Breaking the Mold: Forging a Common Defense Manufacturing Vision New technologies would be incorporated throughout the life of a system, as priorities, military threats, and technologies changed. Although there would still be disagreements over the political aspects of defense manufacturing and procurement (such as closing bases), there should be a clearer understanding of the costs of politically based decisions. These may seem counter-intuitive. Fewer laws leading to better control would not be the initial conclusion of most observers. However, where this process has been implemented well in manufacturing companies, fewer "laws" (policies and procedures) are required to achieve better performance. DoD executives would notice: Less Congressional interest in single issues, "small" items. Better industry response on the big questions of weapon systems performance, cost, quality, and schedule. Greater real control of the procurement process with less administration, procedures, and rules. There would be less need for arbitration and appeals because more problems would have been avoided or resolved early by the parties immediately involved. Arguments over regulations would decrease. Less disruption of schedule, specifications, or objectives in the midst of a weapon program due to late changes. More technical function, faster, at higher quality for less money. Greater use of commercial items. Greater interest in cost reduction and control. While this would require a change in the skills of DoD personnel, industrial experience is encouraging. Those people involved in procurement, manufacturing, and quality control of weapon systems would need to become problem solvers, able to control a project early and make trade-offs among costs, quality, performance, and time, which is not the rule now. Such a shift in skill is the reason the process takes 5 to 10 years. Industry would notice: Trade-offs among a weapon system's performance, schedule, quality, and cost being made early in the system's life, or early in the life of a modification, rather than late in the design process. Increasingly stable schedules, functional specifications, and working relationships with DoD. Far fewer rules. Disagreements would be handled cordially. A more effective and motivated work force.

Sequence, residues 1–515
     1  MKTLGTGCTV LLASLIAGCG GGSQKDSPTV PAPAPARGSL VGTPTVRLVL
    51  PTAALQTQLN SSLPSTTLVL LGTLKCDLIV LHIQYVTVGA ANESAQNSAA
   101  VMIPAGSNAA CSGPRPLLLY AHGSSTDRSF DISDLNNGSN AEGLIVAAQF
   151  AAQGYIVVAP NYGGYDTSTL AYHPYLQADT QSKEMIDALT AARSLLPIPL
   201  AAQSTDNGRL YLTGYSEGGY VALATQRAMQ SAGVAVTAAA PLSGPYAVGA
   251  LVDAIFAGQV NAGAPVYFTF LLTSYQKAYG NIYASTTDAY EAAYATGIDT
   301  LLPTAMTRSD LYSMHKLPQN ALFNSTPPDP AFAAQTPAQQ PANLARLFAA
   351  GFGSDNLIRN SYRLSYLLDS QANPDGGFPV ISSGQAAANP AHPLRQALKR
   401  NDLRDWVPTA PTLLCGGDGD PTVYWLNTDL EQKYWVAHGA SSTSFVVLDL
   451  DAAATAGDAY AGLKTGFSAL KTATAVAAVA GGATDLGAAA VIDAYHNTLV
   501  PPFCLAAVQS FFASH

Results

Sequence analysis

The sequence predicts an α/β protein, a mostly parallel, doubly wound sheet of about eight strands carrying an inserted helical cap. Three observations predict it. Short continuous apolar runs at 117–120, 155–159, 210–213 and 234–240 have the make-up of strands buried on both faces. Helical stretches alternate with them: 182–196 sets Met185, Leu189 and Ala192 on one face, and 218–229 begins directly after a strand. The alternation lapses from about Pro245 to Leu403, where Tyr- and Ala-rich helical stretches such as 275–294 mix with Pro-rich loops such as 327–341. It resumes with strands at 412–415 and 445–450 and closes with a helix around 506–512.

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Breaking the Mold: Forging a Common Defense Manufacturing Vision Substantial two-way discussion with DoD as a customer in order to solve problems with the weapon system early. Supportive rather than adversarial relationships among major subcontractors and the customer. (Appendix A describes these customer-supplier relationships in more detail.) Consideration of the full life-cycle cost and performance from the start of a program. While most contractors would applaud such a situation, it will be difficult for many to adapt to this manner of working because many contractor engineering managers, manufacturing managers, and executives are not accustomed to working this way. However, this new system will eventually develop managers competent to achieve world-class manufacturing levels in both defense and commercial markets. Getting to this new steady state is difficult. As we have described, there is a need to: Establish values. Establish a vision. Rethink the planning and control of the weapon systems development and manufacturing process. Evolve new practices and procedures. Make thousands of decisions on how weapon systems will be developed and manufactured. Practice the new process. Many corporations have found (admittedly on a smaller scale) that where this process has been followed there is little interest in returning to the prior way of working. Success is likely. The "gain to pain" ratio in early days will be unfavorable, but will be substantially favorable after 5 years if given sustained support. NOTE 1.   It is difficult to estimate realistically the benefits of a new defense acquisition culture. Others have made estimates of cost savings from implementing only relatively minor portions of the defense manufacturing strategy described in this report. For instance, according to the Congressional Budget Office, alternative procurement plans with higher production rates for the 1988–1992 period would increase production rates 19 to 127 percent. The higher production rates would reduce unit costs of selected weapons from 2 percent to more than 20 percent, thus eventually lowering overall program costs. See, Congressional Budget Office. 1987. Effects of Weapons Procurement Stretch-Outs on Costs and Schedules. Washington, D.C.: Government Printing Office. According to the Institute for Defense Analysis, cycle time can be reduced 40–60 percent by using concurrent engineering techniques and manufacturing costs can drop 30–40 percent by having multifunctional teams integrate product and process designs. See, Institute for Defense Analysis. 1988. The Role of Concurrent Engineering in Weapon Systems Acquisition. Washington, DC: December. p. vi.